Load up on your apps, but be choosy about which ones

John
John Gushue
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Merry Christmas! By now, I expect many of you have had a carbohydrate overload, if not an excess amount of protein and even alcohol.
I also expect that Santa tucked new devices in the stockings of a great many of you. After all, some industry analysts expect this Christmas season to be the tipping point when sales of tablets exceed desktop PCs.

It’s been a transformation that has been both astonishingly fast and yet also inevitable. After all, the iPad made its Christmas debut just three years ago. Android had a bit of a head start, but the version that kickstarted things appeared early in 2011.

That’s really not that long ago, and yet when industry research firm IDC forecast in September that tablets were about to overtake PCs in terms of numbers shipped, I can’t say I was surprised.

That’s largely because the iPad enabled the tablet to have one of the fastest consumer adoption rates in history, ahead (out of the gate, too) of DVD players and older items like dishwashers.

Enough of that, though. Last year around this time, I offered some advice to new tablet owners. In that spirit, I have a set of suggestions.

First, pig out on the apps. Chances are you already went to the Apple or Google Play store and downloaded some stuff to get you started. But don’t stop now. The best time to sample apps is when you’re most curious.

A key tip: stick largely to the free stuff for now. You’re going to fill up storage space on your baby faster than you might think, and ultimately will need to get rid of unnecessary things. Make it easier on yourself by committing to things that don’t cost you a cent.

Paid apps are indeed wonderful (everyone should splurge for a premium version of Angry Birds), but pinch your pennies … for now. If you were lucky enough to get a gift card, think a bit before you spend. You can an awful lot for $1 each, you know!

Meanwhile, with free apps, be mindful of the extra charges that can come — and make sure your tablet is set up to never download any paid content without your consent, every time. A popular free app, Candy Crush Saga, is also the highest-grossing app, because of in-app purchases.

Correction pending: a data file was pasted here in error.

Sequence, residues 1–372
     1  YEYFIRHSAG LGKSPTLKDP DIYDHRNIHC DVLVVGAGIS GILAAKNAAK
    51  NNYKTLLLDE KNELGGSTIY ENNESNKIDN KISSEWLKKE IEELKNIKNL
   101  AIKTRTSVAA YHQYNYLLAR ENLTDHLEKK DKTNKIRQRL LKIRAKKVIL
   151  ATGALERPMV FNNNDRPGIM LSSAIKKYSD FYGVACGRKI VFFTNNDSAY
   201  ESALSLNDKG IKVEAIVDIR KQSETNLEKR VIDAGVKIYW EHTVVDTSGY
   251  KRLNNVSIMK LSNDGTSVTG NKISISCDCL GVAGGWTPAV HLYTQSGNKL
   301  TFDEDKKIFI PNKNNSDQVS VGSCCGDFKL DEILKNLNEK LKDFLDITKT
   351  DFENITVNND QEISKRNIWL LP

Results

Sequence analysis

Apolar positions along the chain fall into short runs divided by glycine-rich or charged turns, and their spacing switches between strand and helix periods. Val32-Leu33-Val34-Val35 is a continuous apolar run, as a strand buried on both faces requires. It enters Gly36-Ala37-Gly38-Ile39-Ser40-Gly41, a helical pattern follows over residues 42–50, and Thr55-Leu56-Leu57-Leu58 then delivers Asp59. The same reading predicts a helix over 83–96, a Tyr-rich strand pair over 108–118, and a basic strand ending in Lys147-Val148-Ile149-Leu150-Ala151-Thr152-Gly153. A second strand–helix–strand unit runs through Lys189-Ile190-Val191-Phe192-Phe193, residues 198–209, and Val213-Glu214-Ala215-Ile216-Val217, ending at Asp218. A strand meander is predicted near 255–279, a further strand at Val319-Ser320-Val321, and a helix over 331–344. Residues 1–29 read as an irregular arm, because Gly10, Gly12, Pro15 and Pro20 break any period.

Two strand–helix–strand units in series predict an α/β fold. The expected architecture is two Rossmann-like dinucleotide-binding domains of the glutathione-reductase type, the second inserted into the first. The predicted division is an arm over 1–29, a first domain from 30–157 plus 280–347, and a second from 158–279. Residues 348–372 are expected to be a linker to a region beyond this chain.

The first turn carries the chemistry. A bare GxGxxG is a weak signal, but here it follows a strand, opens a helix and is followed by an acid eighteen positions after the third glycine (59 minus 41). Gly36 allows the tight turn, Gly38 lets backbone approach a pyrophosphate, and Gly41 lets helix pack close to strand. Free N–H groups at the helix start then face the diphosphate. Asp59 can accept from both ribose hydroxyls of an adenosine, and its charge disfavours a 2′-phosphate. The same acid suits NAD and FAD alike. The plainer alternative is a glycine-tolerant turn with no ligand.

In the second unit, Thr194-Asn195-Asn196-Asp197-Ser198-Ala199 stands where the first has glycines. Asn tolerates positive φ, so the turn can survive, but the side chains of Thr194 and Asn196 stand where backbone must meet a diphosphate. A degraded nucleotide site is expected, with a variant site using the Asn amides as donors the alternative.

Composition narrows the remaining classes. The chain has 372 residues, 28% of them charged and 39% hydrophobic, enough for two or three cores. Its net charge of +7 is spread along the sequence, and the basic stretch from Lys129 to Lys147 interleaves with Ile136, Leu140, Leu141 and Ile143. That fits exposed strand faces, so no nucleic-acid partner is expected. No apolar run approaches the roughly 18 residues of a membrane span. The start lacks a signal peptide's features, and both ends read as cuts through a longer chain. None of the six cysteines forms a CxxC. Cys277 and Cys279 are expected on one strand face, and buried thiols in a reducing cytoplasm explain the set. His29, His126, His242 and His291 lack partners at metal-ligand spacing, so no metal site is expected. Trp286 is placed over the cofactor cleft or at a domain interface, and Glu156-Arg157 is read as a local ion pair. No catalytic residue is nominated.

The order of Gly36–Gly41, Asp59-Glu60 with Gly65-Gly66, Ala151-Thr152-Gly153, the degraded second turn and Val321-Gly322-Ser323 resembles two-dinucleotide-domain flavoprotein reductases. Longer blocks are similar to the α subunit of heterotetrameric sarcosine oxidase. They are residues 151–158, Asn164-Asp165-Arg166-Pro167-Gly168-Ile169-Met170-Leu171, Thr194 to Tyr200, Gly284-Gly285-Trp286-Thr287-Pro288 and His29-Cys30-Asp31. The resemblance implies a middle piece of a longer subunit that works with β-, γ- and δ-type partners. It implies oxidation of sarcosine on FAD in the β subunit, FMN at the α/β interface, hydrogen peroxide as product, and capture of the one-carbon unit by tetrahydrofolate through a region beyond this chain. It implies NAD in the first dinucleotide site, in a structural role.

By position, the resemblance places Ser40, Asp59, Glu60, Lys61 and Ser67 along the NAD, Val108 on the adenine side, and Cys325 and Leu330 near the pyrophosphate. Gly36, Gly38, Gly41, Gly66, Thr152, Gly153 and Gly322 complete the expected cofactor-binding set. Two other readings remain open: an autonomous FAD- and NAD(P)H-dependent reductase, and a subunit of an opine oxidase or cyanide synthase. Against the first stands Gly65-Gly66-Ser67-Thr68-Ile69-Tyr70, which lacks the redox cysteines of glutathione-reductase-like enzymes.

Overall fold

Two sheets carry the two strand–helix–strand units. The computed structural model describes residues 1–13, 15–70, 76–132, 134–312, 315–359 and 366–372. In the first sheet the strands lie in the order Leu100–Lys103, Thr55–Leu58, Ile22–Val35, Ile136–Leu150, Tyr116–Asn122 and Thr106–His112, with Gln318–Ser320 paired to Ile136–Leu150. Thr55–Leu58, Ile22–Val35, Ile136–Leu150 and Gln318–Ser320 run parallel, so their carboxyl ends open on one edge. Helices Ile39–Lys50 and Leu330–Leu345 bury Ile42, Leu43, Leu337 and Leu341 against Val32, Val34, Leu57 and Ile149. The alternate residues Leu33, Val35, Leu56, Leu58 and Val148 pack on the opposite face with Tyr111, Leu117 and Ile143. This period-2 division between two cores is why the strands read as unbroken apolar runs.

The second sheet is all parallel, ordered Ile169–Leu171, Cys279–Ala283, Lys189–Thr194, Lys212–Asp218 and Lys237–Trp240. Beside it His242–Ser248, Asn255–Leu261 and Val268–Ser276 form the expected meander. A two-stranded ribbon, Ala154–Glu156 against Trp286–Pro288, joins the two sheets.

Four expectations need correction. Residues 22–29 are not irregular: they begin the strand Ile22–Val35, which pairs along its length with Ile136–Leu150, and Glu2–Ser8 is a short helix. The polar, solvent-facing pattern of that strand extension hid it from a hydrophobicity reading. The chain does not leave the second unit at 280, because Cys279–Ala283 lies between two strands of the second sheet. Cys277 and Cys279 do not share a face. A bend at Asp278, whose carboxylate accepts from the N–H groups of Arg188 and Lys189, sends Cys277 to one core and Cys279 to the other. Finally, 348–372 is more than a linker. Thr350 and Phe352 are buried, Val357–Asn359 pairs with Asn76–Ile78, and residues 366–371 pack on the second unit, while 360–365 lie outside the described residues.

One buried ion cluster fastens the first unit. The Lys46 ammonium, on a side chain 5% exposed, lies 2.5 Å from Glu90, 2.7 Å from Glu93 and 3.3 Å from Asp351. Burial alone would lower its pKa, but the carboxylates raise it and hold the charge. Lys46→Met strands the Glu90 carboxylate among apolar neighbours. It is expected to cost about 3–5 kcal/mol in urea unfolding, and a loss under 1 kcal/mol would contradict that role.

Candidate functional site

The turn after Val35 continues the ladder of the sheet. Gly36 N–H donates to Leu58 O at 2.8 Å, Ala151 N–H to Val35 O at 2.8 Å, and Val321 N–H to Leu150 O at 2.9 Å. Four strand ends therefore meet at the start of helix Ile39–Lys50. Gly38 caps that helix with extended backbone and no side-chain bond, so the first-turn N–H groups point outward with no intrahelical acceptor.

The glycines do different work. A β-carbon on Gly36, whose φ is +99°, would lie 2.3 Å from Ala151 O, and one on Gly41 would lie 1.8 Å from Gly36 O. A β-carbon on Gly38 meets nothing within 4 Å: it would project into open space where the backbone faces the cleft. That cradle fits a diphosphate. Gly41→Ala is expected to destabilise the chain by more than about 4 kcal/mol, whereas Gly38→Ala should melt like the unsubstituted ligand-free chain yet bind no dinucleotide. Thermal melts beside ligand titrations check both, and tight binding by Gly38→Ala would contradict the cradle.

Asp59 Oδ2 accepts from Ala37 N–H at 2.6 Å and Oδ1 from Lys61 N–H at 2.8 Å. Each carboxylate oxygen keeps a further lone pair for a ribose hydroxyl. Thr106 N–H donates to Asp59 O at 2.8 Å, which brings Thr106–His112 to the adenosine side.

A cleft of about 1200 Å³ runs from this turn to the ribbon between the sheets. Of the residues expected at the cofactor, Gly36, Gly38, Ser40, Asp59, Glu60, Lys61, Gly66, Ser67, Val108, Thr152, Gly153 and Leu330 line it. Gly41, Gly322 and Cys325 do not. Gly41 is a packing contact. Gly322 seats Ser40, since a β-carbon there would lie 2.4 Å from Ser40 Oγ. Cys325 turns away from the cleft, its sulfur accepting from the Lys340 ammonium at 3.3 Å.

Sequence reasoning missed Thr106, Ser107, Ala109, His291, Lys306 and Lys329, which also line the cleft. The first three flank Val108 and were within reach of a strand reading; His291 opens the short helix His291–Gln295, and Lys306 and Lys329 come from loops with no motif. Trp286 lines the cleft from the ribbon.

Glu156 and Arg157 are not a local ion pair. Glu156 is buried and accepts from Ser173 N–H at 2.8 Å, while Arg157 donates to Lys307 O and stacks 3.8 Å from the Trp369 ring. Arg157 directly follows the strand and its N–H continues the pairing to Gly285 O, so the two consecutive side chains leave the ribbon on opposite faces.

In the meantime, here are some downloads you may want to consider. Most are free; because I’m an iPad user, my choices are based on that platform.

Social apps. Twitter and Facebook rely on mobile devices for much of their traffic, and are continually upgrading their apps. If you’re serious about Twitter, consider either the HootSuite or TweetDeck apps, which (like the web-based versions) allow you to manage multiple accounts but more importantly find more needles in a very large haystack. LinkedIn, one of the largest social networks, is essential for working adults, and it works well on a tablet. Pinterest, which has taken hobbies to social media, is tailor-made for how and when we use tablets to relax.

Book apps. My iPad comes preloaded for buying books from Apple, but I like the Kindle app better for reading. I also regularly use OverDrive. I’m a card-carrying member of the public library system, but I’ve also greatly enjoyed being able to check an e-book out of the library, without having to leave the comfort of my couch; OverDrive is the app that makes this possible

Podcasts. The in-house app from Apple is a pleasure to use and has pushed new life into my audio downloads. For live radio, many of your favourite providers (like CBC and VOCM) have apps; to find feeds everywhere, try TuneIn Radio, whose features include creating presets of your favourites.

News apps. Most news apps are free, although the content inside may not be. I use Newsstand to subscribe to several magazines (the fees seem reasonable to me) and some news publishers have various models splitting up what’s free and what’s not. For a dynamic way to read news and much more from many sources, give Flipboard a try.

Photos. My go-to app for photo editing is Camera+. It costs a little, but it does a lot, even on an iPad. I use my phone to generate content on my Instagram account, but I love looking at what others have done in the clearer resolution of an iPad. I use the Flickr photo-sharing app, but I’m wishing for a spiffier upgrade soon.

NFB. The National Film Board has opened up its vault and produced an app that makes the Crown agency relevant to a new generation.

Live video. Thanks to FaceTime and Skype, our tablets have become phones. We’re surely not the only family to stay in touch with relatives and friends away through these easy-to-use tools!

Netflix. We have an account in the household, and while we use it most on the TV, I’ve continued a binge-watch on my iPad even while unloading the dishwasher or the dryer.

A couple of things before I finish up. First, if you really get into the habit of using your tablet a lot, you’re going to have power issues. Get in the habit of charging it up when it’s not in use … or even when you’re reading.

Popular visual apps, especially games, drain a battery in seemingly no time. I have two charging stations for mine: one in my living room, the other on my desk.

Second, consider a keyboard for your tablet. My wife and my son each have a Bluetooth-powered keyboard/case attached to theirs, which turns an iPad into a small laptop and makes typing simple. They’re not the cheapest attachment, but they’re very useful.

Finally, be curious. Ask your friends and family what they like. Learn how to control your settings. Consider picking up one of those ubiquitous how-to manuals. Discover your favourites. Relax, and enjoy it.

John Gushue is a digital producer with CBC News in St. John’s. Get in touch on Twitter: @johngushue

Organizations: Apple, IDC, CBC News National Film Board Crown agency Bluetooth

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